Release Date: February 09, 2015
Breaking Boundaries: Advancing Energy Technology through Advanced Manufacturing
Advanced manufacturing breakthroughs have allowed NETL researchers to improve the efficiency of energy systems that will power the Nation’s homes, businesses, and industries. For example, 3-D printing is a remarkable step in the evolution of the way we build products. Rather than using expensive and cumbersome molds to create components, the same parts are now printed on a machine layer by layer, form-fitted for their exact function and use. Components are economically redesigned, modified and improved, eliminating the need to create expensive full-scale prototypes. Engineers design and create new geometries with new materials for more efficient configurations. The resulting products work better and open doors of efficiency and performance.
Traditional manufacturing converts raw materials into finished products for the commercial market. Advanced manufacturing uses innovative processes that are more efficient, integrated, and sophisticated, with the potential to deliver more economical products with superior performance. 3-D printing is just one example of advanced manufacturing innovation that can deliver on improved, or previously unimagined, products. Here at NETL, our energy researchers are applying advanced manufacturing techniques to bridge the gap between laboratory research and industrial production. Let me give you an example.
Dr. Shiwoo Lee uses NETL’s Sono-Tek spraycoater to apply electrocatalyst to a fuel cell cathode.
Consider the solid oxide fuel cell (SOFC). In his recent State of the Union address, President Obama remarked that climate change poses a greater threat to future generations than any other challenge we currently face as a nation. He also observed that changing the way we produce energy is one approach to tackling this challenge. SOFCs are among the most efficient known technologies for converting chemical energy directly into electricity. When future fuel cell systems are integrated into the Nation’s power grid, they could enable greater use of renewable energy sources because these future SOFCs will be dynamically responsive; that is, they will respond to power fluctuations and balance intermittent renewable sources such as wind and solar. But to realize this potential, SOFC technology needs to be made both more reliable and more affordable. Research at NETL addresses both of these goals, with a focus on increasing the lifetime of the fuel cell.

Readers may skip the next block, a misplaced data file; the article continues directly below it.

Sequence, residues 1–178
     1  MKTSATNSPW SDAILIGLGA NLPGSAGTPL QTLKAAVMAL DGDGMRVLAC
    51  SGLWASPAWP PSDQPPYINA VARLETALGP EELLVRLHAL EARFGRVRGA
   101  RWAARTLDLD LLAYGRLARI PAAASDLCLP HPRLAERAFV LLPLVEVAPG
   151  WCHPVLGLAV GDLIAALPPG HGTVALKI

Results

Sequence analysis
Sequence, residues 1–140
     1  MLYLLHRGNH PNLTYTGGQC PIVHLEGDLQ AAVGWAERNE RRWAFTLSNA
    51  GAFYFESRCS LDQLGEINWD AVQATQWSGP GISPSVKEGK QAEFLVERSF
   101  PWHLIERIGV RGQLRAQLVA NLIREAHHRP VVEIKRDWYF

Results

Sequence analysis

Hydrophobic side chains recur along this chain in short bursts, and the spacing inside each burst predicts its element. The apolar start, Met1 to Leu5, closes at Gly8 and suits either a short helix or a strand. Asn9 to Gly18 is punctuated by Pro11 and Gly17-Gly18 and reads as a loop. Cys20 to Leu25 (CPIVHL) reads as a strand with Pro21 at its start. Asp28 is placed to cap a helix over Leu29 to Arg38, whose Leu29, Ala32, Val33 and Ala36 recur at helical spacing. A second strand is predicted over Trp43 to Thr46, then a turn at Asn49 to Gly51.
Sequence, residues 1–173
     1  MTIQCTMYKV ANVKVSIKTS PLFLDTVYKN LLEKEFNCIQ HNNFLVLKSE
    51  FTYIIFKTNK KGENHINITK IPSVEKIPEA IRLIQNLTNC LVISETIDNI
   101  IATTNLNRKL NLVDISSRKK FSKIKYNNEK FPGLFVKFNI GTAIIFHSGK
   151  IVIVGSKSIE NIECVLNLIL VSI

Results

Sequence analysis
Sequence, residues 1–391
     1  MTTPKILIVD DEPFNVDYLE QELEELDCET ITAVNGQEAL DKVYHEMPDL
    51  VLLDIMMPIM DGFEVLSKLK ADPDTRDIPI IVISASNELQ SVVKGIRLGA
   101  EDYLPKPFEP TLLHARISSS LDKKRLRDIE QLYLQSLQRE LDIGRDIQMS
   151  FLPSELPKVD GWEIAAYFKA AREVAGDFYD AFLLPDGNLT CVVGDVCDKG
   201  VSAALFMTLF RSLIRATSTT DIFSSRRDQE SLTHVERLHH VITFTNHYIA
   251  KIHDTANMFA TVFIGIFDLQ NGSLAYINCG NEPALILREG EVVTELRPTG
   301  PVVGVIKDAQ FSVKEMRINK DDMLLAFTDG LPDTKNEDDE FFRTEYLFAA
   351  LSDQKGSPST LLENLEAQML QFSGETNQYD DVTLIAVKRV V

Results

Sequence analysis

To that end, NETL researchers discovered that treating, or “infiltrating,” a SOFC cathode with a special catalyst can drastically improve the fuel cells’ function, so that they can offer a bigger energy bang for the buck.
That is where advanced manufacturing techniques enter the picture. In the early stages of this research effort, infiltrating cathodes involved applying the catalyst by hand to specific locations in each individual cell cathode—not very practical for large-scale commercial production. Using advanced manufacturing concepts, NETL engineers designed a process that uses a spray coating machine coupled with special computer software to mass produce infiltrated SOFCs possessing a precisely controlled electrode structure.
In this way, advanced manufacturing is enabling researchers, and soon industry, to cheaply and precisely control how much infiltrate is applied to achieve the desired performance. The result will be new fuel cells that will cost less, are more efficient, and more durable. And, advanced manufacturing—through the use of in-situ sensors and real-time diagnostics—could contribute to fuel cells being made more reliable, with each cell being produced precisely according to specifications.
The United States has long been a global leader in manufacturing, and that leadership stems from Americans’ spirit of industry and invention. Innovative approaches to how products are made helps position our manufacturing industry to create products with unimagined capabilities and functions. Advanced manufacturing will help industry and energy researchers alike stay at the forefront of new technologies. I’m pleased the energy researchers here at NETL can play a part in this exciting aspect of discovery that is shaping not only how we manufacture components and technologies, but also how we produce and use energy.
As Director of NETL, Dr. Grace M. Bochenek brings a tradition of leadership, technical expertise, and precision to the laboratory’s mission of protecting the nation’s environment and enhancing its energy independence. For more information about Dr. Bochenek's background and experience, please click here.